Predictors of weight stability in women and men: The aerobic center longitudinal study, 1987-1995
It is estimated that more than half the U.S. adult population is overweight or obese as classified by a body mass index of 25.0–29.9 or ≥30 kg/m 2, respectively. Since the current treatment approaches for long-term maintenance of weight loss are lacking, the National Institutes of Health state that an effective approach may be to focus on weight gain prevention. There is a limited body of literature describing how adults maintain a stable weight as they age. It is hypothesized that weight stability is the result of a balance between energy consumption and energy expenditure as influenced by diet, lifestyle, behavior, genetics and environment. The purpose of this research was to examine the dietary intake and behaviors, lifestyle habits, and risk factors for weight change that predict weight stability in a cohort of 2101 men and 389 women aged 20 to 8 7 years in the Aerobic Center Longitudinal Study regardless of body weight at baseline. At baseline, participants completed a maximal exercise treadmill test to determine cardiorespiratory fitness, a medical history questionnaire, which included self-reported measures of weight, dietary behaviors, lifestyle habits, and risk factors for weight change, a three-day diet record, and a mail-back version of the medical history questionnaire in 1990 or 1995. All analyses were performed separately for men and women. Results from multivariate regression analyses indicated that the strongest predictor of follow-up weight for men and women was previous weight, accounting for 87.0% and 81.9% of the variance, respectively. Age, length of follow-up and eating habits were also significant predictors of follow-up weight in men, though these variables only explained 3% of the variance. For women, length of follow-up and currently being on a diet were significantly associated with follow-up weight but these variables explained only an additional 2% of the variance. Understanding the factors that influence weight change has tremendous public health importance for developing effective methods to prevent weight gain. Since current weight was the strongest predictor of previous weight, preventing initial weight gain by maintaining a stable weight may be the most effective method to combat the increasing prevalence of overweight and obesity.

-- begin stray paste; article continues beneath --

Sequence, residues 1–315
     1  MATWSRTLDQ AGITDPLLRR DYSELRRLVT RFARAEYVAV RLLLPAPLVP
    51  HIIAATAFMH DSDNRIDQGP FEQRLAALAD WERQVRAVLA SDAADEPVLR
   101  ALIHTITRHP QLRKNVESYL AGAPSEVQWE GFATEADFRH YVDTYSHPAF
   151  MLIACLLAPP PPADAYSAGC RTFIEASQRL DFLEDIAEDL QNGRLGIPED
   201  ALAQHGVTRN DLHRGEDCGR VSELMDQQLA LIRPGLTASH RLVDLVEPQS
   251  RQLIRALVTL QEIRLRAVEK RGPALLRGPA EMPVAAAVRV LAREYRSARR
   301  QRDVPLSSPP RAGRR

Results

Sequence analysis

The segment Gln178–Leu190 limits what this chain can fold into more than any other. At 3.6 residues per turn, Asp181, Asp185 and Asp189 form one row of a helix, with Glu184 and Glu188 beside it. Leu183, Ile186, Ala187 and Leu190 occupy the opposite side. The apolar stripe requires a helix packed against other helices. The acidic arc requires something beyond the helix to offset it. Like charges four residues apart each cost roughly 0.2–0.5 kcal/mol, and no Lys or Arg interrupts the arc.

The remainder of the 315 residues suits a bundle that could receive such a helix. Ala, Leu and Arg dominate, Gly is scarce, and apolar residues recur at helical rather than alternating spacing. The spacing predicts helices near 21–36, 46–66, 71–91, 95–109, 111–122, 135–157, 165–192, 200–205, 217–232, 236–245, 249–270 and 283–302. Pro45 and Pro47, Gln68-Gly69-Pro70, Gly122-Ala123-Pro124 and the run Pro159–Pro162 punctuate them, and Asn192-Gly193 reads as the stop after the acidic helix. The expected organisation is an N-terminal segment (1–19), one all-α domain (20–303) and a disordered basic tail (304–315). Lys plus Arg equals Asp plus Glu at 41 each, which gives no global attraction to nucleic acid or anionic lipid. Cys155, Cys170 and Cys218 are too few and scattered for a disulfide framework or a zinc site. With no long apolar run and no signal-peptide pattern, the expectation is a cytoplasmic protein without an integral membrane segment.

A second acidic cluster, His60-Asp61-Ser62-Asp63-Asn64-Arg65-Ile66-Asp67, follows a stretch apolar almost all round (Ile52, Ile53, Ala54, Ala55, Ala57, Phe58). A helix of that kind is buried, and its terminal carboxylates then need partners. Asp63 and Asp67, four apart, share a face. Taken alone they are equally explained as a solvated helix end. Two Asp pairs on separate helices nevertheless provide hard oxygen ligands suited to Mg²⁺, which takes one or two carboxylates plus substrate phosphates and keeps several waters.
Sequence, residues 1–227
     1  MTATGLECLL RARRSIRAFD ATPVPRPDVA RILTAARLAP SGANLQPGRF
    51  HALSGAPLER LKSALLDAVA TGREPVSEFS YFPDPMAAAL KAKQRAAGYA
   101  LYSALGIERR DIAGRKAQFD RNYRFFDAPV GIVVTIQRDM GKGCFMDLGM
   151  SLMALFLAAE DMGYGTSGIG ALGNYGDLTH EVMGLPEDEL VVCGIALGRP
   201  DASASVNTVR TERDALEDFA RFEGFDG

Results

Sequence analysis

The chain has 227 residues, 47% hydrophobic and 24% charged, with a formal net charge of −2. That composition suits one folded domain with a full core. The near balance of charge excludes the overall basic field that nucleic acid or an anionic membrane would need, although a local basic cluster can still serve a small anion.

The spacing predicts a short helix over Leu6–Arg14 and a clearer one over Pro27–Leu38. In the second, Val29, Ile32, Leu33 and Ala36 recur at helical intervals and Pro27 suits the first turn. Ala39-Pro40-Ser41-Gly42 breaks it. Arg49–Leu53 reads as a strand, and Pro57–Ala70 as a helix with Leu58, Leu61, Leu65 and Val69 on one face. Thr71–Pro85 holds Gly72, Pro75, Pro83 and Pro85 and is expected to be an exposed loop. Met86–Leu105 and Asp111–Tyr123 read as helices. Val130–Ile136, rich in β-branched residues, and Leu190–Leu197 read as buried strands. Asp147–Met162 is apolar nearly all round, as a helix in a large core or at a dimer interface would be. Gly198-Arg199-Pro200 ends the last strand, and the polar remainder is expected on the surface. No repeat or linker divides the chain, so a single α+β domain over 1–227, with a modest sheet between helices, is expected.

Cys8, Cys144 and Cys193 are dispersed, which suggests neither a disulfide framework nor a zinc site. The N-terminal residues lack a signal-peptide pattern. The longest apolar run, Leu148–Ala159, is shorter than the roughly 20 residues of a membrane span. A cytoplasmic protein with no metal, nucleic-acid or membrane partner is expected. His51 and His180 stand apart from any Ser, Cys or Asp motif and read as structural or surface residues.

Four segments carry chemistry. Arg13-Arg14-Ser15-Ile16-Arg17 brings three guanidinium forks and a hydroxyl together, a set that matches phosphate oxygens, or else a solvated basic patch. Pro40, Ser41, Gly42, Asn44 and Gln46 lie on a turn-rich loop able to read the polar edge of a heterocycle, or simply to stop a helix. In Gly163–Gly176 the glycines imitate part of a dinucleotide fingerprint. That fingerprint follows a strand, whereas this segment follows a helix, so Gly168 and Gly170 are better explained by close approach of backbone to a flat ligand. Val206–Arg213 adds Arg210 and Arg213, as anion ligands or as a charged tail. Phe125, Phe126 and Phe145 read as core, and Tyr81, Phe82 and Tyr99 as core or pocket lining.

Folse, Suzanne Brodney, "Predictors of weight stability in women and men: The aerobic center longitudinal study, 1987-1995" (2000). Texas Medical Center Dissertations (via ProQuest). AAI9981808.